The shooter claims that the teen was part of a group who had been throwing rocks at her house for days. She has been found to have made problematic race-related remarks in the past.
Elisabeth Cannon, a 47-year-old white woman, has been charged with two counts of aggravated assault for shooting a 15-year-old black boy, Vernon Marcus Jr., in the head outside of her home in Macon, GA. Cannon alleges that Marcus and a group of friends had been throwing rocks at her and her house when she decided to fire several shots from her pistol. She was released from jail late Tuesday after posting $12,400 bond.
As of early Thursday, Marcus was described as being in critical but stable condition, as reported by WMAZ-TV. Speaking to the Macon news station from her home, Cannon said she "had no other choice" but to open fire at the group of teens. It has not yet been confirmed if Marcus threw any rocks.
Cannon said the same group had been throwing rocks at her house for days. She presents a handful of rocks as evidence in the below news clip. On Monday night, she said that she felt especially endangered.
She had been at a neighbor's home when she spotted the alleged group of rock throwers walking down the street. Her 16-year-old daughter had been home alone at the time. Cannon waited until the teens were out of sight before she went home, but she saw them come back while she was checking her daughter's car for potential damage. "I saw them out of the corner of my eye," she recalled. "The barrage of big rocks started, not just at my car and house, but me."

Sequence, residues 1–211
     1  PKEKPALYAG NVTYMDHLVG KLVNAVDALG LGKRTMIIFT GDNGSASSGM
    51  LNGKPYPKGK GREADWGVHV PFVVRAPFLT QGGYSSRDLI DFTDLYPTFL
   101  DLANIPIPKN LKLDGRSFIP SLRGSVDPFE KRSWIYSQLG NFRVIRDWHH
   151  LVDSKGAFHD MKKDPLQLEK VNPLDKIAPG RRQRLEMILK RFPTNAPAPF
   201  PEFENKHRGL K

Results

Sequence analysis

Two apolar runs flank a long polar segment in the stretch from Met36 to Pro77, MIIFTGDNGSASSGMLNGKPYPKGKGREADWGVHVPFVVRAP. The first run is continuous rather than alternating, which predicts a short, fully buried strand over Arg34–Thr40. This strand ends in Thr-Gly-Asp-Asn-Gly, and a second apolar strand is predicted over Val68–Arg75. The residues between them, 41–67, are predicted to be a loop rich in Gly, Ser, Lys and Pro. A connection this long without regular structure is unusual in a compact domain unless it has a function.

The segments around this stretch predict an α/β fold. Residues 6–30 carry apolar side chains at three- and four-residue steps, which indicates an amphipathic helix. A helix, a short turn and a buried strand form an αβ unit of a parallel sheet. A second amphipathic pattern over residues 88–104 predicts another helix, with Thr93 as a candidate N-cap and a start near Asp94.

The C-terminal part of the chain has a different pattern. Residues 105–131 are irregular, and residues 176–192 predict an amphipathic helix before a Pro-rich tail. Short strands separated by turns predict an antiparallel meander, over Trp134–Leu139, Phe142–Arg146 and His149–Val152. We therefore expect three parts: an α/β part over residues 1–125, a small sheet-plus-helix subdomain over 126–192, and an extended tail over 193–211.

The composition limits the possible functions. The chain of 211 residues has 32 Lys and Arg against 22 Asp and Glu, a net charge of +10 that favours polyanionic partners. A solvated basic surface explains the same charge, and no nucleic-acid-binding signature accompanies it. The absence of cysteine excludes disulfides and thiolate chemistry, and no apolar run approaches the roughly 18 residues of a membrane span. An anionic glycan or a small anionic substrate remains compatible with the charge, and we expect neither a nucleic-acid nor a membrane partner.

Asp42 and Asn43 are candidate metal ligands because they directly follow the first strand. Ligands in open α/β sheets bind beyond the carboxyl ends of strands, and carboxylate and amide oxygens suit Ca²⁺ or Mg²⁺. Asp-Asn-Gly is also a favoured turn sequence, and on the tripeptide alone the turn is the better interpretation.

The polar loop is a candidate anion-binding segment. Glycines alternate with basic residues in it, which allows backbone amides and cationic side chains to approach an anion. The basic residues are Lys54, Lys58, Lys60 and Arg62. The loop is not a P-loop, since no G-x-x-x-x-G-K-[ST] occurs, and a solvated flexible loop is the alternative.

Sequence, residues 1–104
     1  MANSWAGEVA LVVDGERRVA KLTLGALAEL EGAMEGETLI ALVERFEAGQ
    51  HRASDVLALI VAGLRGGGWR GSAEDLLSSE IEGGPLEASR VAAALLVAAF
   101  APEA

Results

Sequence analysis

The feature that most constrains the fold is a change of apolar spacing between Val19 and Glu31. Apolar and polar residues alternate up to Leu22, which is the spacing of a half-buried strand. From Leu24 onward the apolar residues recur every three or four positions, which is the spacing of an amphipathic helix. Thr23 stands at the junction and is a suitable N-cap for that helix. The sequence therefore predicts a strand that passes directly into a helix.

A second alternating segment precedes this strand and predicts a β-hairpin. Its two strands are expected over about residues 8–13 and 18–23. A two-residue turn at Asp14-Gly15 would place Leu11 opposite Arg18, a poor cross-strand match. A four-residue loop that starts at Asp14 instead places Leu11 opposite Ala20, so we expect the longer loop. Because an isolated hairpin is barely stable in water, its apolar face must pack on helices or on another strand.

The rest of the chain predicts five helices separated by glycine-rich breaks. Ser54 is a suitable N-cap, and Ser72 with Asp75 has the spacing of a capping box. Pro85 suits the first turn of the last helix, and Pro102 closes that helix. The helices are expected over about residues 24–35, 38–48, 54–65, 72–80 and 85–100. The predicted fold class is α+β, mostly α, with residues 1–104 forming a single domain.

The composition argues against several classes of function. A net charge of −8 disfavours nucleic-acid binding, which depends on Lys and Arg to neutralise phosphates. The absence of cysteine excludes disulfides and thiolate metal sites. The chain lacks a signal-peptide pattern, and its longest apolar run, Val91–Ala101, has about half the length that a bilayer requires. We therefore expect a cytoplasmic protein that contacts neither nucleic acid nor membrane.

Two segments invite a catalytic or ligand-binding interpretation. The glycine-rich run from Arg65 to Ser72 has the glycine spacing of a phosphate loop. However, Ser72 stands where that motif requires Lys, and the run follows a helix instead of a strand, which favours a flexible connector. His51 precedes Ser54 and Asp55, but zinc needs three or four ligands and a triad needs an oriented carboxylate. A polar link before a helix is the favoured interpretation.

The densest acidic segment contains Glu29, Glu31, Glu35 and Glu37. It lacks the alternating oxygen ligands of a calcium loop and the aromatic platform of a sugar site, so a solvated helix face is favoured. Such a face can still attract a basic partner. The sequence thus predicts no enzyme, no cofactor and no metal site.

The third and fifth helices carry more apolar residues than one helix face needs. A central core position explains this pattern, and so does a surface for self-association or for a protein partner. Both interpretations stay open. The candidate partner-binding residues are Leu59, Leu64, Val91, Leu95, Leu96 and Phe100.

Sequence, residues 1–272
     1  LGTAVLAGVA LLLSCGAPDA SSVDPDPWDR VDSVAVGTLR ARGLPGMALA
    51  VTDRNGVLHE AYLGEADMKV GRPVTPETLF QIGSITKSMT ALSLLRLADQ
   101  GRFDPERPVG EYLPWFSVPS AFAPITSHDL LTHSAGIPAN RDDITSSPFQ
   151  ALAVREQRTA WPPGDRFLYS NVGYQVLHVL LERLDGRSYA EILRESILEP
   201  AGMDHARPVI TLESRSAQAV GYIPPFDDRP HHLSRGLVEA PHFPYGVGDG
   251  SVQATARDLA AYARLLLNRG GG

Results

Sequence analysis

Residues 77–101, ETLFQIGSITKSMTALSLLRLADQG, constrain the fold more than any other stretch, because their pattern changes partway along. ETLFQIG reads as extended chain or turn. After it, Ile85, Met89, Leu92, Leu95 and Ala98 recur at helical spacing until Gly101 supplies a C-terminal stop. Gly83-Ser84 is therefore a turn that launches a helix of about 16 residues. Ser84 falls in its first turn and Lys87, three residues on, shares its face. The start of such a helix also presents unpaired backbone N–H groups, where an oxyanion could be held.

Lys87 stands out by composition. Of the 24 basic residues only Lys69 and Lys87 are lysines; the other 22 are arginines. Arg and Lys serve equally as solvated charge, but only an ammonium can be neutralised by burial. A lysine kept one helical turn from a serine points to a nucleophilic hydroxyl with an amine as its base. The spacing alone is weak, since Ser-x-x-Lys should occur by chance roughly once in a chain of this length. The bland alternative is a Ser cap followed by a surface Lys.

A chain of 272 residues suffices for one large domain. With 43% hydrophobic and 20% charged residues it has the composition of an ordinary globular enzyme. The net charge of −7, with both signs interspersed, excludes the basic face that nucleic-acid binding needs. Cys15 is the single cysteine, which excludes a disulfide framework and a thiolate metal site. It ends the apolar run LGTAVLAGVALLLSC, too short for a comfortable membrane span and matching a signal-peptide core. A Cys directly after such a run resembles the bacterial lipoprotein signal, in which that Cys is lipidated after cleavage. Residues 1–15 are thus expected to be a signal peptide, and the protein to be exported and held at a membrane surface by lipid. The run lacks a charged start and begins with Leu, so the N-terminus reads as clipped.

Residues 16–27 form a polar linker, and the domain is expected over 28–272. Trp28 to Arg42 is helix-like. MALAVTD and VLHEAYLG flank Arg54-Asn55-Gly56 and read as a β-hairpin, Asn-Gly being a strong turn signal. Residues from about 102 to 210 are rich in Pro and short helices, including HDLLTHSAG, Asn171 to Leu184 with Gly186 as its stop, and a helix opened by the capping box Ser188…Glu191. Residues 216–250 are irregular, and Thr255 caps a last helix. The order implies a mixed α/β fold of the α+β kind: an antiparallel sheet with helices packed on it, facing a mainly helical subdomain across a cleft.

"I started shooting in their direction. They started running," she said. "Maybe it wasn't the best decision to make, but I thought eventually they might hurt us."
Cannon also explained her intention with opening fire at the boys: "I didn't want to hit any in the head. I did not want to kill anybody. But if they wound up getting [hit in] an arm or leg or something -- I just wanted all of this to stop."
In the wake of Cannon's arrest, it has been reported that she made controversial comments about the black residents of her neighborhood while speaking to a local newspaper in 2013. When interviewed by the Macon Telegraph about what concerns her about her neighborhood, she responded, "I have some really good black neighbors, but the good blacks won't get onto the bad blacks."
"You try not to profile but at the same time 99.9% of the crime is going to be, most often, a black male," she continued. "You can tell if they're just out walking for exercise or going to the store or whether they're up to something."